Laparoscopic Adhesiolysis in Chronic Abdominal Pain: 15-Year Follow-up Study

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Abstract

Background/Goal:

Intra-abdominal adhesions are probably underdiagnosed cause for chronic abdominal pain. Our aim was to evaluate late (>10 y) effect of laparoscopic adhesiolysis on chronic abdominal pain.

Study:

This was a nonrandomized follow-up study of 68 patients (9 males, 59 females) who suffered chronic abdominal pain. The index operation (laparoscopy and adhesiolysis; n=72 patients) was performed during 1997 to 2001. A quality-of-life questionnaire was asked after the mean follow-up time of 15 years. The hospital records of patients, reoperations for chronic abdominal pain, and full medical history were also reviewed.

Results:

Patients reported that adhesion-related pain was abolished or diminished in 90% during 15-year follow-up, but still 28 (41%) complained about some abdominal symptom. One third of the patients used pain-relieving medication or proton-pump inhibitors to relieve their symptoms. Furthermore, 46 (68%) patients had contacted medical service for reexamination of abdominal discomfort and 16 (24%) were reoperated because of some abdominal disease. When the patients with dense adhesions versus no or minimal adhesions were compared in the long term, no difference in the response of pain was noticed after 15 years of adhesiolysis.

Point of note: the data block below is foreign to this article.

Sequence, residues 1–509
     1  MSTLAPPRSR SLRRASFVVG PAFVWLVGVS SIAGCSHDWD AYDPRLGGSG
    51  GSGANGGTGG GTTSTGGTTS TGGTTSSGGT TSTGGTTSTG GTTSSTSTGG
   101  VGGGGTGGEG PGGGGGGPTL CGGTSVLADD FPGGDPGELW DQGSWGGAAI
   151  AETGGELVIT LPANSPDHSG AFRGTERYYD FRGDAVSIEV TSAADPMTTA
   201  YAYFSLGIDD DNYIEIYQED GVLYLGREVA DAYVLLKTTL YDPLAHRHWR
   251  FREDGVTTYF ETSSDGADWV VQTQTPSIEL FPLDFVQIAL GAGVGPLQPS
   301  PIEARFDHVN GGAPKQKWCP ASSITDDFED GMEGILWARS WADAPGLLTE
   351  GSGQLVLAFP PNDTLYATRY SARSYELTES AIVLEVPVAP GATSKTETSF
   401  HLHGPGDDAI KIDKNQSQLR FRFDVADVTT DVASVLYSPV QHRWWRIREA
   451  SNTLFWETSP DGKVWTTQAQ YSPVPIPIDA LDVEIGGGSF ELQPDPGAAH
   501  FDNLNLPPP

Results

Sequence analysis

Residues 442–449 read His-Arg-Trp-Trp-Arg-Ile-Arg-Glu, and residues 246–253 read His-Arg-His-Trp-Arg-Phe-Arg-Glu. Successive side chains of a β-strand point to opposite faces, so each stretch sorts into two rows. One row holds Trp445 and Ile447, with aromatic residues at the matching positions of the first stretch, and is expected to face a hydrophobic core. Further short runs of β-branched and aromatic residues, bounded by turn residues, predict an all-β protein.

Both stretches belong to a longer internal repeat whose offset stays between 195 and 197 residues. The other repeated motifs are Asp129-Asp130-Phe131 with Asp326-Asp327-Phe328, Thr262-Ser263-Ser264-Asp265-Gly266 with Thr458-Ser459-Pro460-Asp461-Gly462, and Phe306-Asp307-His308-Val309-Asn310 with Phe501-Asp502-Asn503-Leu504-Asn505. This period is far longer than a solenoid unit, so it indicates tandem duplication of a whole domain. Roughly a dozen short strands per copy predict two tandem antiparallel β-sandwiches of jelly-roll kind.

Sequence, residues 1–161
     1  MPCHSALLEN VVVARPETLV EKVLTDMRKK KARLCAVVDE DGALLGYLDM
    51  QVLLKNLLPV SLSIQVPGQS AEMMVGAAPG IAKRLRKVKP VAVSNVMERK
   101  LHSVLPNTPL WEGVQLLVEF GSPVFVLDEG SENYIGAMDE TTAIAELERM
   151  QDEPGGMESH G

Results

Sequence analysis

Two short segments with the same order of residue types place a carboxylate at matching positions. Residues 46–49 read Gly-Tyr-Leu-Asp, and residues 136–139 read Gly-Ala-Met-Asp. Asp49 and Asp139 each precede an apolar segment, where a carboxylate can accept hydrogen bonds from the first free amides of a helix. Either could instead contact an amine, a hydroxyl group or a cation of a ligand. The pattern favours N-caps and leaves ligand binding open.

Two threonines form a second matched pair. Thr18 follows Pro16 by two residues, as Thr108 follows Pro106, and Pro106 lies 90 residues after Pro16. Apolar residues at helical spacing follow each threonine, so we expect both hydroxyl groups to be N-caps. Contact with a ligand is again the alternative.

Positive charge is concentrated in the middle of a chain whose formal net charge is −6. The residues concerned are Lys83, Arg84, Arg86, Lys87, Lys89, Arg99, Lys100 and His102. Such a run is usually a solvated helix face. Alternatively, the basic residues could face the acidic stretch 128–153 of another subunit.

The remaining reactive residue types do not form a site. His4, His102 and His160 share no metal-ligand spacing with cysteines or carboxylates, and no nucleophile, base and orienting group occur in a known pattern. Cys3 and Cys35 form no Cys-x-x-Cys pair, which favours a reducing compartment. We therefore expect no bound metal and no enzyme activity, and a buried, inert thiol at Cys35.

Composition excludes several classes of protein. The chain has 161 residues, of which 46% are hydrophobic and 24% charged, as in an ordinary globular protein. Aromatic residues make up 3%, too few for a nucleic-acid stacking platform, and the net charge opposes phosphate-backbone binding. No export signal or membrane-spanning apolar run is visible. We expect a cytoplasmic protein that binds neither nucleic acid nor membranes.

Conclusions:

In carefully selected patients suffering from chronic abdominal pain, the positive effect of laparoscopic adhesiolysis stands beyond 15 years after the surgery. Although the patients reported relief of pain they still had various abdominal symptoms.

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